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Article   |    
Capital Projects Funding for Psychiatric Hospitals, 1972—1981
Armand Checker
Psychiatric Services 1986; doi:
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Economics Research Branch of the Division of Biometry and Epidemiology, The National Institute of Mental Health, Room 18C-06, Parklawn Building, 5600 Fishers Lane, Rockville, Maryland 20857

1986 American Psychiatric Association

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Abstract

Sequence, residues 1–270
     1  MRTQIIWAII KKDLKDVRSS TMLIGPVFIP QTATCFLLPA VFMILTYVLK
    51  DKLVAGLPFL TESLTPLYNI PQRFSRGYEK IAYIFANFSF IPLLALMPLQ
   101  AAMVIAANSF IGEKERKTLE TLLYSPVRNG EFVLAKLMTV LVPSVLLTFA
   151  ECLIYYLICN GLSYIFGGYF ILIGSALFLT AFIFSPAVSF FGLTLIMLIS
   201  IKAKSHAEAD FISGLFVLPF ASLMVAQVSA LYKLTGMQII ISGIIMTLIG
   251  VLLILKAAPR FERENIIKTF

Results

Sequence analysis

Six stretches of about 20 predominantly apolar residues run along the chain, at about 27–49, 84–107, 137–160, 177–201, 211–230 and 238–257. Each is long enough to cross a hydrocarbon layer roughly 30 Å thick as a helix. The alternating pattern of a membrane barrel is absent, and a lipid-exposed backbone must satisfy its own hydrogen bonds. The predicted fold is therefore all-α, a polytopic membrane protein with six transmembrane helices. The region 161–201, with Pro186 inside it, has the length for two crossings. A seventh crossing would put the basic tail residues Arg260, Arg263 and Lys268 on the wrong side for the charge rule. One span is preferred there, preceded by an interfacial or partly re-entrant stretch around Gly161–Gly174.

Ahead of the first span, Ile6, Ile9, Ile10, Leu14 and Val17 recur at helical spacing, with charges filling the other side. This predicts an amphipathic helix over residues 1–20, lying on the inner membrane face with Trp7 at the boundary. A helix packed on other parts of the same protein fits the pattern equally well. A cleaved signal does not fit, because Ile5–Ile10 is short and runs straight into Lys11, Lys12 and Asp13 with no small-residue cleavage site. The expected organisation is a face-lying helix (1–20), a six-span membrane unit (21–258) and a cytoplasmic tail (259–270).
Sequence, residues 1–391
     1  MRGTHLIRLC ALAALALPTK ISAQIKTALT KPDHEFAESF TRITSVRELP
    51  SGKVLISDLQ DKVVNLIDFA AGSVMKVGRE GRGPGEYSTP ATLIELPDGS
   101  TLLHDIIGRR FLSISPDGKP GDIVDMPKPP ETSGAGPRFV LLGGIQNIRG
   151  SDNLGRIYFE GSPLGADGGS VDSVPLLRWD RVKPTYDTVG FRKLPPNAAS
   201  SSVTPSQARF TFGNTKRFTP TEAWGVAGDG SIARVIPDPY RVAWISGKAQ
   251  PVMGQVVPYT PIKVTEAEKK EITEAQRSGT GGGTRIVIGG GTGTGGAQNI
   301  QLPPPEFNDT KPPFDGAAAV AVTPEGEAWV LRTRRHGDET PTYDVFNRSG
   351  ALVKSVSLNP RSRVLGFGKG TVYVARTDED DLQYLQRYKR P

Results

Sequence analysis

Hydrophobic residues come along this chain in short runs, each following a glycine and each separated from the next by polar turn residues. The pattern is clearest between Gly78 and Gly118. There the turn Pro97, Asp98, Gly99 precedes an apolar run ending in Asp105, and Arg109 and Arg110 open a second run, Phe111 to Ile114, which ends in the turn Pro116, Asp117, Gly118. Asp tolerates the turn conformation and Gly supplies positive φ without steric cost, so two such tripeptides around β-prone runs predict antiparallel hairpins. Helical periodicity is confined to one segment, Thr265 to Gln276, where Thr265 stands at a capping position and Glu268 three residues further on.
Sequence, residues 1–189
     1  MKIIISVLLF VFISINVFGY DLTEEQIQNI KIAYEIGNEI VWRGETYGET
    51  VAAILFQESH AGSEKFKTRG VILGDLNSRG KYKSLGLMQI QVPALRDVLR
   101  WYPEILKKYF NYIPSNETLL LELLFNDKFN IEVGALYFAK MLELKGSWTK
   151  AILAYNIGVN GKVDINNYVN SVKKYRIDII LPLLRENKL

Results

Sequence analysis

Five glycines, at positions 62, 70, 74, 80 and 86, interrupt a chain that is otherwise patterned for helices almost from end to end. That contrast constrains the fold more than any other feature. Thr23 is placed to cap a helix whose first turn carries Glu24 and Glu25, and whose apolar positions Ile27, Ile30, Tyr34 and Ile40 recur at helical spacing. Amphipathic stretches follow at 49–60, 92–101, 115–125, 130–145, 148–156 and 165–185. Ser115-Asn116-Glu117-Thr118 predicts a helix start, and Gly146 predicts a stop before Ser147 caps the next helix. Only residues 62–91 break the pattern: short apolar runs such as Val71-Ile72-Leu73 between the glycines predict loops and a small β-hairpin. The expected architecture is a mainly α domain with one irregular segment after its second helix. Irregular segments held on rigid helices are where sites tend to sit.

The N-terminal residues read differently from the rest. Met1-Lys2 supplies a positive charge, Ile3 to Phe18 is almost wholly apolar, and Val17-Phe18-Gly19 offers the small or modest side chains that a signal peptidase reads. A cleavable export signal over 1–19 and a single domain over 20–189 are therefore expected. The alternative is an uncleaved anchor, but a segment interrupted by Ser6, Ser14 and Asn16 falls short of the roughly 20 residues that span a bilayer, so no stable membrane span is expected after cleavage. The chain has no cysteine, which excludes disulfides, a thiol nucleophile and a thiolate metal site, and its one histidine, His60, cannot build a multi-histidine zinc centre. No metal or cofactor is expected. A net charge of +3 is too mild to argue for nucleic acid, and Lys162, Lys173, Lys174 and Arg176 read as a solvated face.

Data on capital projects funding in nonfederal U.S. hospitals in the years 1972, 1977, 1978, and 1981 were analyzed to identify changes in the number, cost, and funding sources of capital projects in public and private psychiatric hospitals and to compare them with changes in public and private general hospitals. The study identified three major trends over the ten-year period: a larger decrease in the number of capital projects and a larger increase in the average cost per project in public psychiatric bospitals compared with other types of hospitals, and a greater dependence by all types of hospitals on borrowed money to fund capital projects. The author suggests that the decreased number and higher cost of capital projects in public psychiatric hospitals may be related to the hospitals' increasing reliance over the ten-year period on debt financing rather than on government funding. Because of the high costs involved in debt financing—costs unrelated to the size of the debt—these hospitals may have consolidated their building projects.

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